Tim Sparks and Phil Heywood are two of the reasons why Minnesota is known nationwide as a hotbed for acoustic fingerstyle guitar. Both guitarists are widely recognized for their solo careers and have inspired seasoned pros and aspiring students alike with their unique talents. Both are former National Fingerpicking Champions who have gone on to release numerous recordings and compile lengthy performance resumés.
Trained by Segovia protegee Jesus Silva at the North Carolina School of the Arts, Sparks has continued to study classical music throughout his career. His adaptation of Tchaikovsky's Nutcracker Suite has been cited as a significant contribution to solo guitar literature. His wide travels inspired his interest in European and Mediterranean styles, particularly the music of the Balkans. Upon his return to Minnesota, Sparks immersed himself in the ethnic music scene, performing on Oud and Saz in Middle Eastern ensembles and playing guitar in Greek, Klezmer, and Sephardic groups. This work culminated in the recording of Sparks' Balkan Dreams Suite, a remarkable collection of odd-meter guitar arrangements.
Heywood grew up in Mt. Vernon, Iowa, where, at age 12, he took guitar lessons from a Cornell College music student who taught him to fingerpick songs from The Weavers’ Song Book. The lessons also included new material by songwriters of the blossoming 1960s folk scene, and culminated in an arrangement of Mason Williams’ ubiquitous Classical Gas. A few years later a high school friend introduced Heywood to the acoustic blues guitarists of the 1920s and 30s and the music of fingerstyle pioneer John Fahey. It was a veritable Big Bang of exciting sources that quickly expanded into the repertoires of Leo Kottke, the Minneapolis trio Koerner, Ray and Glover and others.
About 10 years ago, Tim and Phil began to work up duets and perform together. They’ve built an exciting and wide-ranging repertoire drawing from American folk/blues/early jazz roots, some brilliant forays into “world” music, and a few well-chosen pop obscurities. The two have honed a dynamic concert format that showcases each guitarist’s solo selections and culminates in the full glory of two world-class fingerpickers going at it together.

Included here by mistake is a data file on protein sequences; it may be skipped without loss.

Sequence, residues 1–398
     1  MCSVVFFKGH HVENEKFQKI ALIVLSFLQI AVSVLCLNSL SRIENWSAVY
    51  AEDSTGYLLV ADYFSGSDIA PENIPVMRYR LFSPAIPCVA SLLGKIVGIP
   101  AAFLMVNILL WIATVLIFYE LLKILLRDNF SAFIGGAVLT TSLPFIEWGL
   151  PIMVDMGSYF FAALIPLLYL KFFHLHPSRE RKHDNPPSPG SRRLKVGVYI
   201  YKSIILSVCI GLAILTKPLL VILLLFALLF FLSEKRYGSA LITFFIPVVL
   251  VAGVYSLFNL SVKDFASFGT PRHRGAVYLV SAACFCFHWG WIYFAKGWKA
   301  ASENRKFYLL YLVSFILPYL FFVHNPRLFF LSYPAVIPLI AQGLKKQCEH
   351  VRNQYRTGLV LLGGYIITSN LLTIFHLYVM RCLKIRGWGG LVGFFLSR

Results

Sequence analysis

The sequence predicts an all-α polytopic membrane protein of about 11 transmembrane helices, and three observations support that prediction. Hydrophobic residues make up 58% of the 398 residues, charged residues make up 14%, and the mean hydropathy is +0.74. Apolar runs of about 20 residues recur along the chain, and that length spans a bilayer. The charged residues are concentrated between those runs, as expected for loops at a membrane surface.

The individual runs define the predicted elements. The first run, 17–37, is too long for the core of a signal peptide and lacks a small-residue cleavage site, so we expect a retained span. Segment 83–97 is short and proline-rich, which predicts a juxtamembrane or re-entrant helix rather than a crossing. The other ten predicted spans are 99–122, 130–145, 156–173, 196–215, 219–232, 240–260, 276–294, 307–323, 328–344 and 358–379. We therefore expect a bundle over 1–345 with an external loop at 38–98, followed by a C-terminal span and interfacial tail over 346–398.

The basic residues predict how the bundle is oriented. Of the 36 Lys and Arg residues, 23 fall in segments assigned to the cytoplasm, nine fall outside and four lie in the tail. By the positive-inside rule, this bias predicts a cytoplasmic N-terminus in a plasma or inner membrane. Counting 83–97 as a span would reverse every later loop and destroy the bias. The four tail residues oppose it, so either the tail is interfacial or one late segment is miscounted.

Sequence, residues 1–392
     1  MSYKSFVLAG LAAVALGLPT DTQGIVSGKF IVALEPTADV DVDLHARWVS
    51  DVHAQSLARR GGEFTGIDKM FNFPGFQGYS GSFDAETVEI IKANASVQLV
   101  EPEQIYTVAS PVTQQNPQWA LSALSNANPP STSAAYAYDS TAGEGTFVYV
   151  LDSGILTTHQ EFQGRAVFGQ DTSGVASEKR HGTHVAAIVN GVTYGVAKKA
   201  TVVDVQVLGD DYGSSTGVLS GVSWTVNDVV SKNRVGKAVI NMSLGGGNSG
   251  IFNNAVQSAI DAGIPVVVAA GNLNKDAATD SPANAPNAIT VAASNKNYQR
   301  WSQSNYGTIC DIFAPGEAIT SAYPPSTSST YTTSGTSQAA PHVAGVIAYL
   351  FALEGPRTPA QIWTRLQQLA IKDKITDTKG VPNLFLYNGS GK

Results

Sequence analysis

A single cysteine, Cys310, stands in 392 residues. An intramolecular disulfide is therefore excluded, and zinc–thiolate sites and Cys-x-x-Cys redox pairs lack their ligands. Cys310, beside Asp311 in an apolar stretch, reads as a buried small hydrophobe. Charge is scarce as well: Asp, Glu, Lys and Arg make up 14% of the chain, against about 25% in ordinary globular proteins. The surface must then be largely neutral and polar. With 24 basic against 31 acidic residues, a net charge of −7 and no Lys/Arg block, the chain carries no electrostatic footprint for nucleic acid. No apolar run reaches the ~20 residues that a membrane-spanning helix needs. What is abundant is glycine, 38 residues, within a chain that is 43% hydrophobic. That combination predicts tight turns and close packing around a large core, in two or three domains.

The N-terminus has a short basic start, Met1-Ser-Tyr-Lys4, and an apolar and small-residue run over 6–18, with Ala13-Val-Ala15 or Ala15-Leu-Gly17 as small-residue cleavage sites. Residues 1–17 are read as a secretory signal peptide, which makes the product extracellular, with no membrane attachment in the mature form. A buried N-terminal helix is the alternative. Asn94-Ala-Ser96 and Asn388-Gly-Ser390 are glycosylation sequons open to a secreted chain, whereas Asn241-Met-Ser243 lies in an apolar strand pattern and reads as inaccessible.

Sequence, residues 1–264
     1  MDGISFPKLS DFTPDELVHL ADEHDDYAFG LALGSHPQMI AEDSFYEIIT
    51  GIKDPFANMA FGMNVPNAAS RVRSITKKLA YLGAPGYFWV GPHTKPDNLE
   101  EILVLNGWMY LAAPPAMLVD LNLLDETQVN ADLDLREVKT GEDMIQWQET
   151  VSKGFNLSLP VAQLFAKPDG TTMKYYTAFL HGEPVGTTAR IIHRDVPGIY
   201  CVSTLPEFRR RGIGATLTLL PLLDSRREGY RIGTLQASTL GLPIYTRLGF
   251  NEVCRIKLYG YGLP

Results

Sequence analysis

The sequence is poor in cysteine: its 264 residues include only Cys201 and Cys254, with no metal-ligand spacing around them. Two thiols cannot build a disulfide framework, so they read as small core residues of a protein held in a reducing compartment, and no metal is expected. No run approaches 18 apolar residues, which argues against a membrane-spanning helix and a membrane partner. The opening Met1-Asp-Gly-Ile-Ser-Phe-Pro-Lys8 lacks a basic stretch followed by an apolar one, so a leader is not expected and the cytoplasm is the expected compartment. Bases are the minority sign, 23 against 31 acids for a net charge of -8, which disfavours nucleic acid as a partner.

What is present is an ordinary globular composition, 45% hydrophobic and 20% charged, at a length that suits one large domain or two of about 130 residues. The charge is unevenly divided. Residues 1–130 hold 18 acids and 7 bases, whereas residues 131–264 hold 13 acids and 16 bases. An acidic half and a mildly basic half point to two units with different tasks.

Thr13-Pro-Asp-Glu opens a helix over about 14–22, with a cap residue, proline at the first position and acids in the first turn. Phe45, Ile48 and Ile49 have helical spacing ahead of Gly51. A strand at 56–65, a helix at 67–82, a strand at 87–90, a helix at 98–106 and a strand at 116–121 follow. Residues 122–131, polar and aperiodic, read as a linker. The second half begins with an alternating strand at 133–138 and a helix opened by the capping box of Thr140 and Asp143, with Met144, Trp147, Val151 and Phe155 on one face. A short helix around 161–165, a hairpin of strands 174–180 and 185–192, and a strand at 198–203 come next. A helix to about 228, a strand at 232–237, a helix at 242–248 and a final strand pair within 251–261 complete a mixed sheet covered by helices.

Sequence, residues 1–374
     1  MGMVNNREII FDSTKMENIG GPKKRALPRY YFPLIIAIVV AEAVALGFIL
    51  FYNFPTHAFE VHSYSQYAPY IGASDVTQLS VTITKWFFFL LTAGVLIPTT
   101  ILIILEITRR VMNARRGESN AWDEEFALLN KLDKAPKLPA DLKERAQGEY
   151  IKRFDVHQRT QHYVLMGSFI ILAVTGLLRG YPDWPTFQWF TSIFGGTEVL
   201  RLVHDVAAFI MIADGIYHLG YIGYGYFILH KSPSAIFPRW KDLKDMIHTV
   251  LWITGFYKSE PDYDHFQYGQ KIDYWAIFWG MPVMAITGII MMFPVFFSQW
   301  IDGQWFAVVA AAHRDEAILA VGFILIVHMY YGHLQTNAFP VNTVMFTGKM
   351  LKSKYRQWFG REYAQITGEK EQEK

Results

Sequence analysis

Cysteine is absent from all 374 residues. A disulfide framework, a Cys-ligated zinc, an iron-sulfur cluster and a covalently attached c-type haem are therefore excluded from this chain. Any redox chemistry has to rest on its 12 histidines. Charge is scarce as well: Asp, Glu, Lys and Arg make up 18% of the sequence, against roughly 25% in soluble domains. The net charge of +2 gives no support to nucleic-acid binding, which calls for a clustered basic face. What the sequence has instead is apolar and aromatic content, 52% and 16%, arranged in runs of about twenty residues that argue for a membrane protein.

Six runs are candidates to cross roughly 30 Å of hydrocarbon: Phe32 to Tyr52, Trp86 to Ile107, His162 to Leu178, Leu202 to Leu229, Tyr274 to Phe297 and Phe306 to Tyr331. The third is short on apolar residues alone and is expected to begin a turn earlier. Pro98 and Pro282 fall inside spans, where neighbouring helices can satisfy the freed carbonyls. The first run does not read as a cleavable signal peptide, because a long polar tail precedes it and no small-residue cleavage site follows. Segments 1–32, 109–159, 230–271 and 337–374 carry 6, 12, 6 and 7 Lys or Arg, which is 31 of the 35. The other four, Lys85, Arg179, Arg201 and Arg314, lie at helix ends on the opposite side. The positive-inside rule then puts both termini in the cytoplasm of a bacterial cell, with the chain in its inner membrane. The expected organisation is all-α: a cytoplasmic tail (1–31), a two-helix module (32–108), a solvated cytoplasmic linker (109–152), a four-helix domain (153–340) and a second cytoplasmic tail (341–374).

Comprised of musicians from Africa and the Caribbean, Socaholix burst on the Minneapolis scene with the fury of a tropical hurricane in 2010. As the only live band in the Twin Cities area that plays calypso and soca music (a hybrid genre that blends soul and calypso music), they have carved out a special niche playing for community events from Elk River to the Minnesota State Fair.
Lead by Prince Jabba of Westmoreland, Jamaica, his vocal range and dynamics allow him to not only sing soca but to navigate the rhythms of roots reggae and dance hall tunes. The intense and undulating drum and bass rhythms are locked down by drummer Lance Pollonais of Trinidad and Onesmo Kibira of Tanzania, while Tony Paul peppers the holes with percussive accents. Charles “Chilly” Petrus of St. Croix bubbles on the keys while the soukous melodies of Siama Matuzigidi’s magical guitar dance over the pulsating sounds of the Caribbean. The ensemble seamlessly weaves the various musical influences of Africa and the Caribbean into a compelling and delightful tapestry.